Posts Tagged ‘1960’

Down White Street

September 15, 2016

This is another card from former museum archivist, Priscilla. The view could almost have been taken from her house being a view down White Street.

A view into White Street - about 1960

A view into White Street – about 1960


We are looking at the pair of semidetached cottages which face up Lavington Hill. In this image White Street heads off to the right and the old route that crosses the stream by a ford at Broadwell heads down to the left. From the style of photo we date this to about 1960. This photo lacks items to give us real evidence.

But there are some features worthy of note. Like the little lamp bracket on the left.


They don’t make ‘em like that anymore and by the looks of the wiring perhaps that is just as well.


The right hand house has a delightful galvanised dustbin outside the back door. They have almost been swept into oblivion in this area because every household was issued with a plastic wheelie bin which is mechanically lifted and emptied, (Our curator says he still uses an old galvanised one!)

Thanks again to Priscilla and her daughter.


Grove Farm, the church and village

September 12, 2016

Here we have a period postcard of Market Lavington. We date this by TV aerial to about 1960. All of the TV masts we see are of the old 405 lines type.


The Village from Home Field – about 1960

This is a view of the village from the lower slopes of Salisbury Plain. We are looking across Home Field which had once been the recreation ground. The two dominant buildings are…

…Grove Farm …


…and the Church of St Mary.


We can see that Meadow Cottage still had its thatched roof.


It is also interesting to note those three bright white ventilators on the roof of the school.

And here we have more of Church Street and The Muddle.


This postcard has recently been given to the museum. It was part of the collection of former board member and archivist Priscilla. We offer her and her daughter many thanks.


Dancing at the fête

August 11, 2015

Here we have a charming scene from 55 years ago. In about 1960 children were entertaining at the fête at Clyffe Hall by doing some country dancing. This photo was given to the museum by Mrs Elisha. Perhaps she had been responsible for organising the children.

School children dancing at a Clyffe Hall based fête in about 1960

School children dancing at a Clyffe Hall based fête in about 1960

Of course, we have no names but surely a reader will recognise some of those youngsters. Let’s zoom in on them.



From left to right: Patsy George, not yet identified, Susan Giddings, Brenda Stevens, Mary Bishop, not yet identified, Christine Ashley bending down.



From left to right: not yet identified, Stella Dark, Jenny Danton, Gerald Oram, remainder not yet identified

We can be reminded that back in 1960 children were still able to be children. We can note that they are not wearing clothes like those the adults have on. Mind you, from the look of the adults it was a chilly day. Maybe those children would feel in need of wearing something warmer when the dancing stopped.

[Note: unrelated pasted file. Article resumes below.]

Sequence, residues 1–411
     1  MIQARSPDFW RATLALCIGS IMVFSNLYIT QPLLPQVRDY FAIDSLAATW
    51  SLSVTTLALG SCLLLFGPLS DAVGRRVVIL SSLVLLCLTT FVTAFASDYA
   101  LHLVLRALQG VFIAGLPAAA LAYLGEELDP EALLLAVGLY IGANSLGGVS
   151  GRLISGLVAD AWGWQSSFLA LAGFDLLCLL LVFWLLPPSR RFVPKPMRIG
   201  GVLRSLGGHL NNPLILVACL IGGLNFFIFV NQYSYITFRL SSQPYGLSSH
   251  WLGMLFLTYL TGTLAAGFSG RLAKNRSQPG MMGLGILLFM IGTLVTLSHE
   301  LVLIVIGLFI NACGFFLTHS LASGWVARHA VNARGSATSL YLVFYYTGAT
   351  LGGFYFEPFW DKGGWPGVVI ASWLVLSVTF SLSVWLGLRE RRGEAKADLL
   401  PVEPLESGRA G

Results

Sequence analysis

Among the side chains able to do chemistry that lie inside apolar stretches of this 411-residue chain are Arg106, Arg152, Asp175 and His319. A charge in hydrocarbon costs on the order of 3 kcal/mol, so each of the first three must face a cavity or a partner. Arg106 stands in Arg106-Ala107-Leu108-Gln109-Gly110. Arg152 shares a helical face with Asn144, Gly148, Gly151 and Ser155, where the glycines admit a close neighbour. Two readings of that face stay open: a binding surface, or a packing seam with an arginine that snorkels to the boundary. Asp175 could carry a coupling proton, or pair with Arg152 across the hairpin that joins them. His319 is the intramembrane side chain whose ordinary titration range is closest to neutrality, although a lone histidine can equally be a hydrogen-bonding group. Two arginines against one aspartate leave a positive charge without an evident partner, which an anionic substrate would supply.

Do get in touch if you can name these young folks.

The Hollow

March 22, 2015


These days there is an area of ‘set-aside’ land alongside the road up Lavington Hill. It is probably supposed to be a belt of land reserved for wildlife – and all credit to the farmer for trying. But it is a very popular spot for dog walkers so the chances of, say, lapwings nesting there are singularly remote.

Up until the 1960s this area was very different in form for a deep trench ran from the area we still call The Hollow up the hill. An early 1960s colour print photo shows the scene.


The Hollow in about 1960. We are sorry that the colour rendition is so bad.


Clearly, the colour rendition is very poor. It was a green and not a somewhat pink scene.

We are looking down the hill towards the village. At the bottom of the gulley we see the house in The Hollow and beyond that we can make out the houses on Lavington Hill and St Mary’s church. It looks better converted to grey scale.


An enlarged section of the same family but made into a black and white image

An enlarged section of the same photo but made into a black and white image

The Hollow was filled with rubbish, levelled and then cultivated by Mr Snook who farmed the land back in the 1960s.

Jack Welch

June 11, 2014

Today we have a photo of James Frank Welch in later life. It was taken around 1960.

Jack Welch - father of our museum founder

Jack Welch – father of our museum founder

James was certainly known as Jack in younger days. Later on he gained the nickname of ‘Brandy’.

He was a long term member of the Parish Council and served as chairman.

James, who was born in 1888, died in 1964.

It happens that we have quite a lot of information about Jack’s First World War service. This includes brief personal diaries and rather longer letters he sent home. He put together a scrapbook of photos, cards and other items as well and then there are a few official documents. These will appear in a specific blog – on a ‘100 years after the event’ basis. The blog is in place and up and running and will get pages added, here and there, to set the scene. Once we reach the time 100 years after war was declared the entries on this blog will be about the day to day life of a British soldier, what he hopes for and how he fills long and often tedious days. For much of the war Jack was actually based in India. It was towards the end of the war that he ended up in the heat of conflict.